It’s been said that once women reach a certain age, they become invisible. Not just to the male gaze, but to peers, to bosses, to people walking down the street. Middle-aged women are stereotypically the mothers, the caretakers, the people behind the lens, not the ones in front of it. But a new art exhibition by two Pittsburgh women is centering the artists’ likenesses, ensuring that they — and every freckle, roll, and laugh line that comes with aging — are seen.
Kirsten Ervin, 54, and Suzanne Werder, 44, spent the entirety of January 2022 taking turns modeling as the other created artwork from her poses. About half of the portraits were created during live sessions in Ervin’s home in Lawrenceville, the rest from selfies the two of them texted each other at random, spontaneous moments. Each artist will present 31 of their portraits at Drawn Together: A Coming of Middle Age Story in 62 Portraits, on view from April 2-24 at Braddock’s UnSmoke Systems Artspace.
“You know, women my size are often not represented in art or anywhere,” says Werder. “So this is a neat opportunity to be seen and to see, and to reveal the other person’s beauty to the world as well.”
The pair first met years ago “drawing naked people” during a figure drawing class. “We were kind of the bad kids and we would end up making the model laugh,” says Werder. “And got in trouble a lot,” Ervin finishes her sentence. The silliness shared between the two women continues even now, both often cracking each other up, Werder moving her hands in flamboyant gestures.
While they say the other participants in the nude figure drawing classes where they first met were “wonderful,” the classes were also very male-dominated, and, over time, Ervin says the people they painted went from “all types of bodies and sizes” to thinner women in their 20s being chosen as the models.
The male gaze has purposely been removed from the portraits in Drawn Together, and the women say they agreed ahead of time that they would not set out to make the artwork flattering, but true to themselves. Ervin, drawn impeccably with Werder’s colored pencils, lounges on blankets and pillows as she gazes off into the distance, her oversized sweater folded in thick layers that are illustrated with such detail, one could mistake the image for a photograph at a distance. In Werder, Ervin captures her plus-sized beauty with brilliant blues and purples, incorporating mixed-media pieces into her portraits. In one, Werder stretches her arms out across the back of a couch, her relaxed body drawn to fill the frame, as if in an invitation to come closer.
There is also plenty of joy, found everywhere from ridiculous facial expressions to “bed head,” as seen in a set of portraits done from bedroom selfies, sent to each other first thing in the morning.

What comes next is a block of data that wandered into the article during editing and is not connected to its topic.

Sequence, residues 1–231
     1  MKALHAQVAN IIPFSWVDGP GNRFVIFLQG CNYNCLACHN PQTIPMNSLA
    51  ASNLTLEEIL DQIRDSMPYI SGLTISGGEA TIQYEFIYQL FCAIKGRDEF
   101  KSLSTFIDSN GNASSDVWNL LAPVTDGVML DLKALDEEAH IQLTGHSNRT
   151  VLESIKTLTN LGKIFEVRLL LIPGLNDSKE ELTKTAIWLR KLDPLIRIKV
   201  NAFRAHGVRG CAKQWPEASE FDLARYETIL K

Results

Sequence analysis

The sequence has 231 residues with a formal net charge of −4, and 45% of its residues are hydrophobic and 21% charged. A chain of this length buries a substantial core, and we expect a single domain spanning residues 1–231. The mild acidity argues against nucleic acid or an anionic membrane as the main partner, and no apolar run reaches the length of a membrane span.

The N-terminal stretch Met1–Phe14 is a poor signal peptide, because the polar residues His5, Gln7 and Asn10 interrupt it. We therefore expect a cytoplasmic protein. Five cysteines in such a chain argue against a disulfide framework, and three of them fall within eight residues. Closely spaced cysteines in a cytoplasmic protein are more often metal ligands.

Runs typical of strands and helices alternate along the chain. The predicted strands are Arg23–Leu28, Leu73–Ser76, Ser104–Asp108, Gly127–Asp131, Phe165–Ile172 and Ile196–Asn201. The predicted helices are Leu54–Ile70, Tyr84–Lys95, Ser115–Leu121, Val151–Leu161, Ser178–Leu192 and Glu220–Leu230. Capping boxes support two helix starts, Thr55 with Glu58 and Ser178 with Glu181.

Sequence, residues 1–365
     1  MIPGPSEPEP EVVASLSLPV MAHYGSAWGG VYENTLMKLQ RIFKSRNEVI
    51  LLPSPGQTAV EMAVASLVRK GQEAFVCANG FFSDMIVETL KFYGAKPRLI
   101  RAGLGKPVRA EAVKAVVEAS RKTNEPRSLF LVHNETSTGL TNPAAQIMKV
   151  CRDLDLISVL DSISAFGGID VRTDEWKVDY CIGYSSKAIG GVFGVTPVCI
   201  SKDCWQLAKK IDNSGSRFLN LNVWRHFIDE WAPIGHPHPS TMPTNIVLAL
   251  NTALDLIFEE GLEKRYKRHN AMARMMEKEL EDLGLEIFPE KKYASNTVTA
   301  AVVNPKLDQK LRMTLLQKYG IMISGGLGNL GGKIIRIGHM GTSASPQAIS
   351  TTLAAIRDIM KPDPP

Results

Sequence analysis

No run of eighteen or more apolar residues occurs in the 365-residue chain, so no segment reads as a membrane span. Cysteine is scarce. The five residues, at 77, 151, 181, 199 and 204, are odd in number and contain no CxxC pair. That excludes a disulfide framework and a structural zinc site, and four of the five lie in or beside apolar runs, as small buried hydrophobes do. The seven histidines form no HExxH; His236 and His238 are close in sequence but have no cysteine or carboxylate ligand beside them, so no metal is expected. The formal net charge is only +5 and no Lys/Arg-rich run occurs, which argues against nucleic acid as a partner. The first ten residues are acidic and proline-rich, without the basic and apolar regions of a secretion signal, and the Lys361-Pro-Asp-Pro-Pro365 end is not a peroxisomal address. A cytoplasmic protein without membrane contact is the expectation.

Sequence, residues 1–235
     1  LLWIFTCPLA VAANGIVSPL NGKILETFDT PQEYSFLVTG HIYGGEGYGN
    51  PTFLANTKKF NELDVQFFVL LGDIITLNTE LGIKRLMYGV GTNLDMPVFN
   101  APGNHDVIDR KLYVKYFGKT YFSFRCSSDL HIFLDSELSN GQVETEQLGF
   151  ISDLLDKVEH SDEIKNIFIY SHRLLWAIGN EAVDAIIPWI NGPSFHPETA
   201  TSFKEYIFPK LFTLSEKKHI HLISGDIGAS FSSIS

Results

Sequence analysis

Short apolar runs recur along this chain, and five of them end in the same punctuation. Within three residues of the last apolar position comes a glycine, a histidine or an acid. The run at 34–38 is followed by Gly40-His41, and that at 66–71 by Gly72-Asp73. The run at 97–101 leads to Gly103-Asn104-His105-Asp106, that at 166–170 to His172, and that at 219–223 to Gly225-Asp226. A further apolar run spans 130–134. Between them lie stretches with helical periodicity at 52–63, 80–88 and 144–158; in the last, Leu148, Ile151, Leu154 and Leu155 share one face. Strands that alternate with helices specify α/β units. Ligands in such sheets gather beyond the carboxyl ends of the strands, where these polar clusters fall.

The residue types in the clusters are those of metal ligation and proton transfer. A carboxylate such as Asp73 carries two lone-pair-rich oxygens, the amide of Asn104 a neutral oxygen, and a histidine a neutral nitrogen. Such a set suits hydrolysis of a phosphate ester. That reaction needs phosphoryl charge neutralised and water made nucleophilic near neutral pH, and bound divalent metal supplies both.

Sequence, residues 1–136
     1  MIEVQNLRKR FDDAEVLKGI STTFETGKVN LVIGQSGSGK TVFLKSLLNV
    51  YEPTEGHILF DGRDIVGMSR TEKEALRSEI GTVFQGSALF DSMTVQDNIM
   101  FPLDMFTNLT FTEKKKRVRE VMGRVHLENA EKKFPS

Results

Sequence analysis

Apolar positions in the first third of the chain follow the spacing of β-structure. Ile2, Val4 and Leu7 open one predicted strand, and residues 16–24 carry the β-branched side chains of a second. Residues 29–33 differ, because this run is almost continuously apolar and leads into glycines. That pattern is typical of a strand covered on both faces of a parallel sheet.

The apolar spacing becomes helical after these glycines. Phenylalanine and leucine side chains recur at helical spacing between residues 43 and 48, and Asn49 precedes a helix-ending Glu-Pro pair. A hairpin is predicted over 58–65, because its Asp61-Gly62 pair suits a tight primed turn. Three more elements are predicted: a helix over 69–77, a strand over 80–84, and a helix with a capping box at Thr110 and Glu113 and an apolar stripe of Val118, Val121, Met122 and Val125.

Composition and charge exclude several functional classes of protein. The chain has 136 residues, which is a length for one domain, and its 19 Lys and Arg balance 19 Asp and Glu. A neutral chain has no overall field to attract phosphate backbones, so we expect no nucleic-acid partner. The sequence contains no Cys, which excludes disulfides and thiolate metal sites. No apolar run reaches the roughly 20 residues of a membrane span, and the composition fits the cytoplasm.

“Joy is infused in everything whenever Kirsten and I get together. Just the joy bubbles over, and this project is also about that,” says Werder. “And joy often gets a bad rap and it is seen as being frivolous. We see it as being necessary. We see it as a weapon against, you know, the angst of life. And boy, I sure needed it.”
While the two collaborated on several other projects years prior, Ervin came up with the idea for Drawn Together as a way to help Werder get back to making art after the pandemic hit her hard. They say they both deal with depression, and artwork is a way that helps.
“It was also really cool being seen too, being on the other side of the drawing board,” says Werder. “And it’s also cool being represented in art. People our age, you know, women our age.”
It’s a two-way street, Ervin says, for middle-aged and younger women to recognize each other, but in the art world, she says older women, and older folks in general, are continuing to get ignored.
“I’ve talked and I’ve heard it from women of color, I’ve heard it from white women. I’ve heard it also from men too, though,” Ervin says. “I mean, I saw with my parents, who were both professional artists, when my dad hit his 60s, he was basically shoved out of his job because he was too old and then really, really treated like he didn’t have it anymore.”
Ervin says the art world has an “obsession with emerging artists,” which she says is being defined as only pertaining to those who are young.
“And that’s complete bullshit, right?” she says. “I think the wonderful thing is that in the last few years, there has been a welcoming of more visibility for Black and Brown artists, but that needs to expand further. If you think about intersectionality, that also includes age, it also includes income level, it also includes educational level.”
Ervin, who, like Werder, is white, says she has heard from many folks in private, both white and Black, about ageism in the art scene. “They won’t talk about it publicly, that they felt like, ‘I’ve stopped making art because I only see it as a thing for the young, no one’s interested in me anymore.’”
“I also once taught a self-portrait class and everybody who signed up for my classes was a middle-aged woman,” Werder adds, “and I unexpectedly had to do a lot of therapy with my students before they could even jump into things because they’re not the ‘hot 20 year olds’ that our society peddles as the only form of beauty, which is not true.”
Werder and Ervin are both self-taught, despite both coming from “intense art families,” and say this project helped them grow, both in terms of their artwork and their friendship.
“Just by being ourselves, this is feminist art,” says Werder.
This is reflected in how the women are portrayed at ease in the portraits, even more so in their live drawings than in the ones taken from photographs. When the women were able to draw each other in person, they say they laughed and talked together through the process.
“The freedom to be yourself,” says Ervin, “is really freeing.”